Thirty years after his graphic harm reduction campaigns burst onto the scene, Michael Linnell’s work still has the capacity to shock. Is it the graphic drawings? Is it the confrontation of difficult and taboo subject matter? Or is it the fact that he refused to be deterred in creating campaigns for ‘the most marginalised and stigmatised’ in society? How many of us would have given up at the threat of prosecution, the press attacks, the repeated obstruction?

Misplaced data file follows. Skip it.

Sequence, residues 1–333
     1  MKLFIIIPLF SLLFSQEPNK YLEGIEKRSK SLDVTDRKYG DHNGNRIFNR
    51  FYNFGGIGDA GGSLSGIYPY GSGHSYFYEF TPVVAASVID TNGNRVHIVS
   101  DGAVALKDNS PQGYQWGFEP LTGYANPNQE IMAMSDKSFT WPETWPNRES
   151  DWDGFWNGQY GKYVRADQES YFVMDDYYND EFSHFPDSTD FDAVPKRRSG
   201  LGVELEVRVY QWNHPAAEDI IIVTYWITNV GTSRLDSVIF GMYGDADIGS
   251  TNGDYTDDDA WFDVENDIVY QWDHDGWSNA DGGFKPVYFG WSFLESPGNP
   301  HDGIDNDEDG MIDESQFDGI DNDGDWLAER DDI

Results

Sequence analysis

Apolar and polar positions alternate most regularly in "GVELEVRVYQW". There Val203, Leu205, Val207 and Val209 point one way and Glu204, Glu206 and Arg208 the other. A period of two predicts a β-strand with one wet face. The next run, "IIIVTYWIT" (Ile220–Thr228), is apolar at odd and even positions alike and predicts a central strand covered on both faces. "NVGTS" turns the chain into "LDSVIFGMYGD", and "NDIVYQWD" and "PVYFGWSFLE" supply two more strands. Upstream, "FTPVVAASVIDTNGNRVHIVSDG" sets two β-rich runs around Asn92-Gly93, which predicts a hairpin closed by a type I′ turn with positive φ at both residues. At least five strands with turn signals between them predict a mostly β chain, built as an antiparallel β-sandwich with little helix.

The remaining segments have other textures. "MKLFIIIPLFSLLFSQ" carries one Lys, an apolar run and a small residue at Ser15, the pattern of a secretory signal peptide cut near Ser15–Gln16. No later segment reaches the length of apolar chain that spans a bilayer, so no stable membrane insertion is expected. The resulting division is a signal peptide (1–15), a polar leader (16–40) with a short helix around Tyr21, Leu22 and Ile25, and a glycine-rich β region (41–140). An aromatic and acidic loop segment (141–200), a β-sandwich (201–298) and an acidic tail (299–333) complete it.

Read about the results that spurred him on – such as the wider provision of injecting equipment at needle exchanges – and ask whether ‘crossing the line’ can sometimes be worth the controversy when it takes away a barrier to public health.